While Tamil Nadu and Gujarat are seen as having tremendous potential for offshore wind energy, the falling onshore wind tariff has led to questions on the viability of offshore wind, whose tariff is high.
“Offshore wind projects have higher capacity and offer more stable generation profiles when compared to their onshore counterparts. However, currently, it is several times costlier than onshore wind energy,” Shantanu Jaiswal, the New Delhi-based India research head at Bloomberg New Energy Finance said.
Large commercial offshore wind projects could become a reality in India in the next 7-10 years if efforts were taken now and there were improvements in policy, technology and supply chain, he added.
Recently, onshore wind power tariffs hit a new low of ₹2.64 per unit in the Centre’s second round of competitive auction for wind energy. Tamil Nadu, which was the first State to go for competitive bidding for wind power for 500 MW in August, discovered a tariff of ₹3.42 per unit.
According to Malolan Cadambi, Managing Director of Greenshore Energy Pvt Ltd, as per a pre-feasibility study done by the European Union, the estimation for minimum possible tariff for offshore wind would be ₹12 per unit in Tamil Nadu and ₹17 per unit in Gujarat, using fully imported machinery from Europe.
“At those prices, there will be no takers in India,” he added.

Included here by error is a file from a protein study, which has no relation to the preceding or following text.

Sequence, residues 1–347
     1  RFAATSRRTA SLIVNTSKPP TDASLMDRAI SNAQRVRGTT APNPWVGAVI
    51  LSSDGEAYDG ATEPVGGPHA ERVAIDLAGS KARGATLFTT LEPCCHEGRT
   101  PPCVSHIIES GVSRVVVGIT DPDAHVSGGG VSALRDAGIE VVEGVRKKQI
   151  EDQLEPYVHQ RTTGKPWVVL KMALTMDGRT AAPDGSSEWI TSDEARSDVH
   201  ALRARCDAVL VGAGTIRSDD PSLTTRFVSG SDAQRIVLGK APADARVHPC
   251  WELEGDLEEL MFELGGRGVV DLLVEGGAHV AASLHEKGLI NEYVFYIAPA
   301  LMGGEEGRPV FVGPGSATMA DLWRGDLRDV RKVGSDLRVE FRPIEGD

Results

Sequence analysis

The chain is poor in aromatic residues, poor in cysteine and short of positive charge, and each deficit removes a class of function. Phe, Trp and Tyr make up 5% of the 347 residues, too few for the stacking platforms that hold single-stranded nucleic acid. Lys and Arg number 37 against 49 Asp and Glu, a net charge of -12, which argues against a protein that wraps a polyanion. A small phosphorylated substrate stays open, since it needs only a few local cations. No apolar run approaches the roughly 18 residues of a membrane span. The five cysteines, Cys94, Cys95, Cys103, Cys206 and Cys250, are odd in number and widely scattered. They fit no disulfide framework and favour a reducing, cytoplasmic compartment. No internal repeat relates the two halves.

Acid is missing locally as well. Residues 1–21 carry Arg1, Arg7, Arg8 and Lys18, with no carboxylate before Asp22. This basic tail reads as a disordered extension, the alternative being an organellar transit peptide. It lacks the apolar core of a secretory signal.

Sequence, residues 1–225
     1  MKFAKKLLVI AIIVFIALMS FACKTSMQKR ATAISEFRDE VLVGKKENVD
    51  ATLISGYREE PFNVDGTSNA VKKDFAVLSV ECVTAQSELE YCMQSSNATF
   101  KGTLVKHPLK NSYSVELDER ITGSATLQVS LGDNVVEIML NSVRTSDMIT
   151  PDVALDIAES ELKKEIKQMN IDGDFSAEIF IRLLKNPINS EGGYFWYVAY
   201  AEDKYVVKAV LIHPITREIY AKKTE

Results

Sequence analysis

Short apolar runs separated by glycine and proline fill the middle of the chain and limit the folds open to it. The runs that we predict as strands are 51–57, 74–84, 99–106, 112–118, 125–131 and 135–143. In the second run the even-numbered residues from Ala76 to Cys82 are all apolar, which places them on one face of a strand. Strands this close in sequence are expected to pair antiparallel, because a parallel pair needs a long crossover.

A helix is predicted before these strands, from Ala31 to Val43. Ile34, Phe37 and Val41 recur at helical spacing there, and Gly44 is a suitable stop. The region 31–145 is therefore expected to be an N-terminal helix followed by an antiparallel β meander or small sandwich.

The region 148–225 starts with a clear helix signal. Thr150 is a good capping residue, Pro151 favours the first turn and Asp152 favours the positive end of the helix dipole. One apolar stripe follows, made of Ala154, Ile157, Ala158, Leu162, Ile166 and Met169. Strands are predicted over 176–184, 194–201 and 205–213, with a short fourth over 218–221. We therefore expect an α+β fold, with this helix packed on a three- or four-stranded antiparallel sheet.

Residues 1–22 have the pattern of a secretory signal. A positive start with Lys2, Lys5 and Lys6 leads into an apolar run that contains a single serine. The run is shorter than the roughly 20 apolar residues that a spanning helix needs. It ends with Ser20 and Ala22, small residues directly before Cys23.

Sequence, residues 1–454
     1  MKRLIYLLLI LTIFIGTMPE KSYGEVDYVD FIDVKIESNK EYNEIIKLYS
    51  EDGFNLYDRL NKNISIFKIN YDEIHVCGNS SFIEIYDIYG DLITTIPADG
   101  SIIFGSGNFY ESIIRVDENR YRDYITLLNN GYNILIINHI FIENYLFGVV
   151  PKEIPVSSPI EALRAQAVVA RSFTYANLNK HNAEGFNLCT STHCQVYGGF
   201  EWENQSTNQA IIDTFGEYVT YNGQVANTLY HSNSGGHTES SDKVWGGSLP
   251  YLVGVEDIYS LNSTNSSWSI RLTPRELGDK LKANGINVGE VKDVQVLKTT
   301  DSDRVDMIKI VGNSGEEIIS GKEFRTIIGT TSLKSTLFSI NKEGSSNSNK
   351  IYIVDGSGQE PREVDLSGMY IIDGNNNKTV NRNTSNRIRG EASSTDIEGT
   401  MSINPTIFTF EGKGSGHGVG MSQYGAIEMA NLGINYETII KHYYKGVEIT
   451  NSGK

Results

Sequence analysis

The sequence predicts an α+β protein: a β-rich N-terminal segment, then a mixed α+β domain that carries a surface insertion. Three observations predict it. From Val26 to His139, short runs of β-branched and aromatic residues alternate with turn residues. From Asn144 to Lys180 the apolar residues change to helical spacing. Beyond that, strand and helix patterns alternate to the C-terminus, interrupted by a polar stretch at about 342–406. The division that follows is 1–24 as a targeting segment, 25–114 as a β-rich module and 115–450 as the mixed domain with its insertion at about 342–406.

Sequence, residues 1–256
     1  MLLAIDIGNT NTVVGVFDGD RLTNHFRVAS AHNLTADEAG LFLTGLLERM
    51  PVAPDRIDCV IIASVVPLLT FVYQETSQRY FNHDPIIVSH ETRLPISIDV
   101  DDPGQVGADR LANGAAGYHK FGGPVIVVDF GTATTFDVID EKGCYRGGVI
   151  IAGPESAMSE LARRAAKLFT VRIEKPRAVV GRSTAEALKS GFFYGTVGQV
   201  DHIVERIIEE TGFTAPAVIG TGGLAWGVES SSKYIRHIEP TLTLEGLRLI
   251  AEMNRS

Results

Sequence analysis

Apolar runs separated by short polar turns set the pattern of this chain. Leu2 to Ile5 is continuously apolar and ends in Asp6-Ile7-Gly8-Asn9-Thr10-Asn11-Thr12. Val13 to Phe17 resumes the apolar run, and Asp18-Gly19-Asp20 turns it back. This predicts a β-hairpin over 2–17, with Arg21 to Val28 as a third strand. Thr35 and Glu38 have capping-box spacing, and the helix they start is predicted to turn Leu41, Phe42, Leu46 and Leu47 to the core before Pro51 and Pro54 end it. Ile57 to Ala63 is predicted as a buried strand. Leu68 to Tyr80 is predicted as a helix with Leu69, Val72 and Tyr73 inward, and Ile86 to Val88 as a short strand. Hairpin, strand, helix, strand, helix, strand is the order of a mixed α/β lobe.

However, he said if offshore wind projects were fully localised, the cost would come down, making it viable as in the case of China.
“The first offshore wind farm built in China had a tariff of about CNY 1.14 per unit and the latest Longyuan one has a tariff of about CNY 0.78 per unit, representing a nearly 50% reduction in cost. This works out to ₹7.68 per unit,” Mr. Cadambi added.
According to the Global Wind Energy Council (GWEC), India has the world’s fourth largest onshore wind market with a total installed capacity of over 32.6 GW.
“Offshore wind has taken dramatic steps forward in the past two years, particularly in the major established market in Europe where tender prices have dropped by more than 50% in the last 18 months,” according to Steve Sawyer, GWEC Secretary General. “It’s a rapidly maturing technology ready to go global and we expect India to be one of the major beneficiaries.”